Learn about Degue

Degue was the mark used by the Cristalleries de Compiegne (Glassworks of Compiegne), set up in Compiegne, a town about 50 km north of Paris. The business was established by David Guéron (1892 – 1950). to produce tableware and other functional glass, but after the 1925 Exposition des Arts Decoratifs in Paris the company began producing art glass. In order to promote the "Degue" name the company also set up a showroom and glassworks in Paris. The art glass range included vases, paper weights, bowls, lightshades, chandeliers, table lamps, shades. The company was involved in litigation for six years with Société Anonyme des Verreries Schneider, who produced glass under the "Le Verre Francais" name, accused of copying their designs, and when the case was settled in 1932, both companies were financially exhausted The company was further weakened by the general strikes in 1936 occasioned by the election of the Popular Front in May 1936, and it ceased production. The business was officially closed in 1939 at the beginning of World War II.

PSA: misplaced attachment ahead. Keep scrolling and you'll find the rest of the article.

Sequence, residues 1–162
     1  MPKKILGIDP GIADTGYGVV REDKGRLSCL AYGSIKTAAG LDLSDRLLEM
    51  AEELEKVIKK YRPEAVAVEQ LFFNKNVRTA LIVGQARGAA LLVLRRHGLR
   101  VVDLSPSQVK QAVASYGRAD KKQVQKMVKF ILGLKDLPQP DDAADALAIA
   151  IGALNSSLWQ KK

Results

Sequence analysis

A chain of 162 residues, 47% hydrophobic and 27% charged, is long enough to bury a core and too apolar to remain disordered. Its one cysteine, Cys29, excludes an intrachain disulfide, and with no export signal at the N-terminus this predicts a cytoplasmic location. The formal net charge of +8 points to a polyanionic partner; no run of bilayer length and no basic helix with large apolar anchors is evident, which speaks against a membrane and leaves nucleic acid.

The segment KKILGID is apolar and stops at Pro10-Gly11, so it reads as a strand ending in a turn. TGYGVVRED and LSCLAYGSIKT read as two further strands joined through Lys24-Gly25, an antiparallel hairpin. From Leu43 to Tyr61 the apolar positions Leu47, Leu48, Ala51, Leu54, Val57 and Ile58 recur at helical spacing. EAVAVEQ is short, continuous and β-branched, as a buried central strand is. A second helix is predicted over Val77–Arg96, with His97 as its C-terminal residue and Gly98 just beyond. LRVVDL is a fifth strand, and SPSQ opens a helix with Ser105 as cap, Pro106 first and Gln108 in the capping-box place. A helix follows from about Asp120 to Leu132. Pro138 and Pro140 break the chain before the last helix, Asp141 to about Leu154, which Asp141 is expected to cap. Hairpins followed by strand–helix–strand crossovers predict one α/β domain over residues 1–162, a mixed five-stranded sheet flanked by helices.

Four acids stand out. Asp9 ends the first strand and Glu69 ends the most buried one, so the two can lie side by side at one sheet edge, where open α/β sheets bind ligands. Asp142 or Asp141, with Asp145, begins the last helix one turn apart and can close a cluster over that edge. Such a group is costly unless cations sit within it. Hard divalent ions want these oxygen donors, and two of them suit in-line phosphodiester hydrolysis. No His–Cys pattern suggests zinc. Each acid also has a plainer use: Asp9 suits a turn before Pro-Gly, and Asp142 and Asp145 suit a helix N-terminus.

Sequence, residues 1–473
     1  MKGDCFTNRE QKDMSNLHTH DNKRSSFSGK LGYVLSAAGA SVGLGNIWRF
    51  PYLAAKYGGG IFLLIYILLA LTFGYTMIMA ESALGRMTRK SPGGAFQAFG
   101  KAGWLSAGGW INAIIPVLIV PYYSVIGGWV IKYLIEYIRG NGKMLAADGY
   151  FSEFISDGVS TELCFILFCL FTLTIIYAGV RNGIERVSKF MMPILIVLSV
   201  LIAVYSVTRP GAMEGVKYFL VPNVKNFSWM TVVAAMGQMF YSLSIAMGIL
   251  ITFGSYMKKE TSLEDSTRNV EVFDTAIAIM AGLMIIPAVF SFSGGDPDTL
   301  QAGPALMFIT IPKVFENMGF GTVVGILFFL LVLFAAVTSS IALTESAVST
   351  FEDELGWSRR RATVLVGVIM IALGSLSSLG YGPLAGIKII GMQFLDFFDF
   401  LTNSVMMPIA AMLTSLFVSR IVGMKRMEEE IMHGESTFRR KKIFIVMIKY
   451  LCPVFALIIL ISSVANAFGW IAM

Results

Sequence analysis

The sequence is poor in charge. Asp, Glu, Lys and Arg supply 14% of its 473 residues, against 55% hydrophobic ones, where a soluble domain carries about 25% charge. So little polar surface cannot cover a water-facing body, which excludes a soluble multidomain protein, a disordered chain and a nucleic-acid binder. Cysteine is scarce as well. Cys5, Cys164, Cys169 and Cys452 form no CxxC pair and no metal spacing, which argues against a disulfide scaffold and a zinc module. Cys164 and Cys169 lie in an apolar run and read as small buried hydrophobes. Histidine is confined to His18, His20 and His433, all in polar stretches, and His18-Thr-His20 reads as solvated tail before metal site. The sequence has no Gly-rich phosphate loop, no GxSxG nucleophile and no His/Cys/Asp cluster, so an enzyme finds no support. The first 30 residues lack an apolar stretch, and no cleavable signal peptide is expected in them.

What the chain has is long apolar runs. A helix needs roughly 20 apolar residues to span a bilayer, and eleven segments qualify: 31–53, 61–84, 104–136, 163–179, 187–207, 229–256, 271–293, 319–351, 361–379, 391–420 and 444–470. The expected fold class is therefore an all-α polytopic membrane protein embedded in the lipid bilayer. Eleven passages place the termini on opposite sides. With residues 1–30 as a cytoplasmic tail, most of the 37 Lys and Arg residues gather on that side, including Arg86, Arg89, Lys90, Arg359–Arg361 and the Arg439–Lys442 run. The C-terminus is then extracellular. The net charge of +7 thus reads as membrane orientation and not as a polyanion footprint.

6 item(s) found:

These items are not for sale and the descriptions, images and prices are for reference purposes only.

French Art Nouveau ceiling light, signed shades, in mottled glass, held by three arms with applied metal leaves and foliage. Signed Degue

Art Deco wrought iron chandelier after Edgar Brandt shades signed 'Degue', height 80 cm, width 60 cm. Provenance: Orlando Brown Collection, Mosman

A frosted glass and cast iron table light by Degue, French, circa 1930, shade signed Degue, base Leferforue. 55 cm high

A Degue glass and bronze ceiling light, French, circa 1925, the glass shades with etched mark approximately 100 cm high, approximately 58 cm wide (only three shades)

A chrome and glass Art Deco hanging light, circa 1920's, by Degue, the chromed body set with foliate plaque above four supports with a lower square body set with tubular rose decorated moulded glass lights by Degue. Height 85 cm